Biodeterioration of Natural and Artifical Stone : Current School News

Biodeterioration Of Natural And Artifical Stone

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Biodeterioration Of Natural And Artificial Stone

ABSTRACT

Stone is one of the most intensely studied materials in conservation.  Understanding the deterioration of stone requires knowledge of various mineralogical and physical characteristics and of stone weathering response in different climates and environments.  The alteration and weathering of stone are affected by natural and artificial elements, physical, chemical, or biological damaging factors.

Biodeterioration of stone is coupled with environmental factors that induce the decomposition of stone structure, either directly or indirectly as a form of catalysis.  Many elements contribute to the deterioration of stone monuments and others objects of cultural value such as pagodas and the status of Buddha.  This report concentrates on the action of biodeterioration factors including bacteria, algae, and higher plants.

TABLE OF CONTENTS

Title page                                                             i

Certification Page                                                    ii

Dedication                                                            iii

Acknowledgment v

Abstract                                                                vi

Table of content                                                  vii

CHAPTER ONE

1.0  Introduction

  • Key Issues
  • Aims
  • Objectives

CHAPTER TWO

2.0  Literature Review

CHAPTER THREE

3.0  Causes of Biodeterioration

  • Effects of biodeterioration
  • Biodeterioration and Its Damage in Trophies
  • Environmental Conditions and their Effects on Biodeterioration

CHAPTER FOUR

4.0  Conclusion and Recommendation

  • Recommendation
  • Conclusion

References

INTRODUCTION

Biodeterioration, defined as damage caused by living organisms such as fungi and termites, endangers cultural property all around the world.  The destruction results in enormous economic loss” (Khadelwa, 2003) and the irreversible cultural and artistic loss of the information of the objects affected.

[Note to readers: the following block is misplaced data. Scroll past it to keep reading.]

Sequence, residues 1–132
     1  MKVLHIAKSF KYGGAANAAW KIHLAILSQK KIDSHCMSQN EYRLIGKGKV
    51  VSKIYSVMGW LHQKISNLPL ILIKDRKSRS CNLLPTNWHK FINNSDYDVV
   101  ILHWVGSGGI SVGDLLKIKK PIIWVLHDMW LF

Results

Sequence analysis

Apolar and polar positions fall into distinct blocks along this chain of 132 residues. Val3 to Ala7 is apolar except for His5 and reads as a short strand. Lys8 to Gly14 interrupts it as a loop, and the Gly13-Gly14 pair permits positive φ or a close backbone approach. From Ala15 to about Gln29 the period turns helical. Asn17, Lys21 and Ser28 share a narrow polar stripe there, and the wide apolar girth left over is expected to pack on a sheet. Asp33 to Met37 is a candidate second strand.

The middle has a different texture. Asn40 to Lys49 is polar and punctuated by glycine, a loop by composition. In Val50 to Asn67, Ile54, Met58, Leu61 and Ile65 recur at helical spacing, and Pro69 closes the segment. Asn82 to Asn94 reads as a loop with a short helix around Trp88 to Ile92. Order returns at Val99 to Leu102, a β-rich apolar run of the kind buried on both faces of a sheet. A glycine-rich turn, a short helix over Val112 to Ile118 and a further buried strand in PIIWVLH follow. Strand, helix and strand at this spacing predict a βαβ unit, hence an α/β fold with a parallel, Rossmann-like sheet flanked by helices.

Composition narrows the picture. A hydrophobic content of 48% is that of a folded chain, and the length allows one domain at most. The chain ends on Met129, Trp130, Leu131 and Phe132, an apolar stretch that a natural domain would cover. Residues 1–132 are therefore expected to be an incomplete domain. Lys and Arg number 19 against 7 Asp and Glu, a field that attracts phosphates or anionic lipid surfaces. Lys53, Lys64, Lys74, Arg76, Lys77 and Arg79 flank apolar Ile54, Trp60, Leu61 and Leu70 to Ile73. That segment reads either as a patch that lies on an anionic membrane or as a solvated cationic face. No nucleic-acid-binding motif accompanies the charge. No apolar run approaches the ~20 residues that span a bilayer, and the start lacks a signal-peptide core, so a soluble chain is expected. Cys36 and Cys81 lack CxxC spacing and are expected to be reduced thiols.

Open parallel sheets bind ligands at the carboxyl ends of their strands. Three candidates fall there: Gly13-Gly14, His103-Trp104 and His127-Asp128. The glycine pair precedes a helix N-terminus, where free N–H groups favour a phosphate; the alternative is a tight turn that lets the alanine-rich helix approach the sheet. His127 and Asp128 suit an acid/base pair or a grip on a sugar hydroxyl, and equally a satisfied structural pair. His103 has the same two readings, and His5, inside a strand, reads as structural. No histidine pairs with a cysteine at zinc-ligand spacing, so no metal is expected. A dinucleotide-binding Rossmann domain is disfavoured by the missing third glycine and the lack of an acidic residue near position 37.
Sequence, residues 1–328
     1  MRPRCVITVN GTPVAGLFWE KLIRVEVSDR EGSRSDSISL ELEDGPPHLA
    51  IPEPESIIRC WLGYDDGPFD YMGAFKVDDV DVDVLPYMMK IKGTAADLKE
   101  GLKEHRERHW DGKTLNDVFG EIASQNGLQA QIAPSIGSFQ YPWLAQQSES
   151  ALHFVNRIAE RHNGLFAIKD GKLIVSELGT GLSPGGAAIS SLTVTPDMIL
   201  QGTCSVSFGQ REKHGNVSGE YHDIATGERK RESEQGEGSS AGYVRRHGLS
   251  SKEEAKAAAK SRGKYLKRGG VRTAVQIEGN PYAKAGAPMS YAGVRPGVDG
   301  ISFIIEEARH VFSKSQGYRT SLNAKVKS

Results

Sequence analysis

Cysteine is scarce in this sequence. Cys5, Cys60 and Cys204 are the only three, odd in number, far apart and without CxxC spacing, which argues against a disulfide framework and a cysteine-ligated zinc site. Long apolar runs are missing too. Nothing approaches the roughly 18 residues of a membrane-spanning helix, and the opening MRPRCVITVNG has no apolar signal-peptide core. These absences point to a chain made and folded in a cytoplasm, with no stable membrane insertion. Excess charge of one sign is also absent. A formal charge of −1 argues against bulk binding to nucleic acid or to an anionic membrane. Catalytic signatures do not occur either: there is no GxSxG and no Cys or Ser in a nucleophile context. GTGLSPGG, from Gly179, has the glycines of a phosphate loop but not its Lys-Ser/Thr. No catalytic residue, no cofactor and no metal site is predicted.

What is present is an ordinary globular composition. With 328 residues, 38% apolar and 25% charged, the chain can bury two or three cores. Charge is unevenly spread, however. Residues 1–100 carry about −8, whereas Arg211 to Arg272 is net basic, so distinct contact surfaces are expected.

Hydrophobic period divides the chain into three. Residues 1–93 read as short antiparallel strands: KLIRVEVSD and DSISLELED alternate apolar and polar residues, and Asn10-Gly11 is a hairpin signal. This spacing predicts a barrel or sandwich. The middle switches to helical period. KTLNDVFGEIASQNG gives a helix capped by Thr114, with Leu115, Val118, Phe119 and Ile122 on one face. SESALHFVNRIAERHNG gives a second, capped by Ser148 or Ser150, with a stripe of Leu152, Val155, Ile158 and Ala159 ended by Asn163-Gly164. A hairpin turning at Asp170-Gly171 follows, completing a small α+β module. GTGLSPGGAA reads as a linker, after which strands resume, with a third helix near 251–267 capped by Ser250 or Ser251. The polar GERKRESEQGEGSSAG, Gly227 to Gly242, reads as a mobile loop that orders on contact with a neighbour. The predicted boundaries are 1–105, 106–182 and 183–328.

The loss is greatest among materials derived from plants and animals since the food value of the cellulose or protein that comprise these materials makes them particularly vulnerable to biological attack (Allsop et al, 2004).  As a result wooden objects and structures, bamboo artifacts, manuscripts, books, textiles leather, paper, basketry and various types of paintings are most at risk.

Stone and masonry are also vulnerable, however, and stone monuments and outdoor sculptures may become severely damaged.  Cultural property is even more endangered.  While kept under the adverse environmental conditions that invite biodeterioration, typically hot and humid surroundings.

The importance of microbial activity in the alteration and deterioration of stone and concrete walls has been frequently neglected.  However, active biofilms are found anywhere where there are microorganisms and humidity and a complex biofilm system can develop in external walls of buildings.  The microbiota on building stones represents a complex ecosystem that develops in various ways.

REFERENCES

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Bech-Anderson, J., (1985); Biodeterioration, Vol. 6.Pp. 126-131.
Blaschke, R. (1987); “Natural Building and Stone Damaged by Shime and Acid Producing Microbes”.  In: Proceedings of the Ninth International Conference on Cement Microscopy, Reno, NV. USA, Pp 70-81.
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Khadelwa, Asha (2003);  The Australian Institute for the Conservation of Cultural Material (Inc).  Pp. 76-80.
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